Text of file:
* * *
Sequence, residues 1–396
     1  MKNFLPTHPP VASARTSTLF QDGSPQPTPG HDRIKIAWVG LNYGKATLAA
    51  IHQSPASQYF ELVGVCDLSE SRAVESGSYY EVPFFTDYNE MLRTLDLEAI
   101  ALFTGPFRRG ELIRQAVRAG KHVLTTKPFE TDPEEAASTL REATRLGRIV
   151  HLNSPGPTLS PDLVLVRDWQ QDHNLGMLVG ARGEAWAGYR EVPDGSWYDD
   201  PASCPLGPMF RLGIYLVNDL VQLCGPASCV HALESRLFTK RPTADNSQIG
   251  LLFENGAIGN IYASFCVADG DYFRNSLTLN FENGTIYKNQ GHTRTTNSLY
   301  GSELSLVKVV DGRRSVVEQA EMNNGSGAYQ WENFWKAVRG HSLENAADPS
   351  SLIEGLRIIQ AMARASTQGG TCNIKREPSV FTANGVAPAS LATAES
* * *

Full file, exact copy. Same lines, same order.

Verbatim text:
Sequence, residues 1–396
     1  MKNFLPTHPP VASARTSTLF QDGSPQPTPG HDRIKIAWVG LNYGKATLAA
    51  IHQSPASQYF ELVGVCDLSE SRAVESGSYY EVPFFTDYNE MLRTLDLEAI
   101  ALFTGPFRRG ELIRQAVRAG KHVLTTKPFE TDPEEAASTL REATRLGRIV
   151  HLNSPGPTLS PDLVLVRDWQ QDHNLGMLVG ARGEAWAGYR EVPDGSWYDD
   201  PASCPLGPMF RLGIYLVNDL VQLCGPASCV HALESRLFTK RPTADNSQIG
   251  LLFENGAIGN IYASFCVADG DYFRNSLTLN FENGTIYKNQ GHTRTTNSLY
   301  GSELSLVKVV DGRRSVVEQA EMNNGSGAYQ WENFWKAVRG HSLENAADPS
   351  SLIEGLRIIQ AMARASTQGG TCNIKREPSV FTANGVAPAS LATAES